By Kirk Fechter, Garrison Safety Office
Safety on the Fly – The Lessons of Accidents
I have investigated accidents before I had safety training and after. I will share some insights.
The first thing I do is check on the condition of the person involved in an accident. Was someone hurt? Was there medical care? If there was any type of injury or potential injury, I recommend a visit to the Occupational Health Clinic at Kimbrough Ambulatory Care Center at Fort Meade.
I note that sometimes people feel too busy to go to the Clinic. I follow up many times and they will tell me that they were too busy. Some people need to man the office because there is no back-up for their particular skill set. I recommend that they at least make a phone call. The Clinic staff is friendly, skilled and helpful.
An accident investigation should include all relevant academic disciplines. It is important to have a medical perspective. Physics is important. Chemistry as documented in Safety Data Sheets (SDS) is needed. Other disciplines can be essential to the investigation as well.
A situation: One person on the job stepped in a hole and broke a bone. A lot of people step in holes. We always like to at least mark them with caution tape or with signs, or sticks with netting. This can be done very easily. Instant hazard abatement. Actually, fixing the holes in grass or sidewalks takes a little more time. There is technology to add some materials that can be put in the hole and fill it fast.
Another situation: Years ago, my track team was running laps around the track. As I sped along, in front of me, one of my teammates ran into a young man who was not paying attention. This youth ran in front of my teammate. Someone blurted out that youngsters are indestructible. The young man, jumped up, dusted himself off, and continued his jogging. My teammate was a little more bruised and had a slight limp as he resumed running. This is illustrative of the medical consideration for the severity of an accident.
As a commander, I had an accident report in front of me. The form required that I recommend a preventive measure so that there would not be any more football injuries. I recall my young life spent playing sports. My elementary school had an asphalt playground. Much of my skin was gradually scraped off after collisions and falls. I played tackle football, full speed basketball, ran through rock strewn trails. I was often hurt, but not severely. Statistically, there are a lot of injuries from sports. Ironically, the worst accident that I ever had was playing volleyball. I landed on my foot and sprained it enough to require a cast.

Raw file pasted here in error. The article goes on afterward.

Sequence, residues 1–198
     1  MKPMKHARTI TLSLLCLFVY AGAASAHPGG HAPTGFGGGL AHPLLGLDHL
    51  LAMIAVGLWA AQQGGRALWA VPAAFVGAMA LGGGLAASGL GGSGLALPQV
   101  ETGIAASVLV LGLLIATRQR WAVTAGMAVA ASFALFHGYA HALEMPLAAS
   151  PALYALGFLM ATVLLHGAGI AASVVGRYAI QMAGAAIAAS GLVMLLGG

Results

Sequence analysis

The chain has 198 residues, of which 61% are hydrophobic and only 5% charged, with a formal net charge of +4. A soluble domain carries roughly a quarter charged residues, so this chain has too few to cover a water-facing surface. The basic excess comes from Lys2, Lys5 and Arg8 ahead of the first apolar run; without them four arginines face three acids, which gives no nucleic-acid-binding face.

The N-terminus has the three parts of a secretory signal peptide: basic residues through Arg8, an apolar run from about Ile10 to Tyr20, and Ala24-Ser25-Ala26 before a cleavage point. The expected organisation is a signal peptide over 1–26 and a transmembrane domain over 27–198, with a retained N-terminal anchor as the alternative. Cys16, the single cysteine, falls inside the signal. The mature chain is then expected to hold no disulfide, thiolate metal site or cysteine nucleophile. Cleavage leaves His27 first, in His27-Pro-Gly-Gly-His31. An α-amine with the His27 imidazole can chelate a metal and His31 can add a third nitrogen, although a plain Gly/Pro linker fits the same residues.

I would not replace that time of learning the lessons of sport and the resulting fitness acquired.
If I could go back in time, I would have recommended that everyone have the benefit of a topnotch injury prevention program. It is amazing how some injury prevention measures are simple.
The Army War College discovered that new running shoes every year can prevent accidents. We know flexibility is important, but is it done correctly? I see many people bouncing up and down on their leg to stretch, the so-called ballistic stretch. The best is the dynamic stretch – stretch to the point of resistance without pain and hold for 20 seconds.
As we age, we become a fragile work force. All the knowledge and years of experience should be protected. I am proud that we have installed handrails in some buildings to help navigate hallways.
We need to pay attention to the workforce. During Christmas at a hospital, it was very festive, and someone wrapped the handrails with Christmas lights effectively removing the hand rails from use. It didn’t’ affect me, a worker, but a patient would be hindered.
During an emergency, pay attention to those having trouble exiting the building. I always monitor these situations so that I can help.
So, join the team that investigates accidents and learns from other’s mistakes.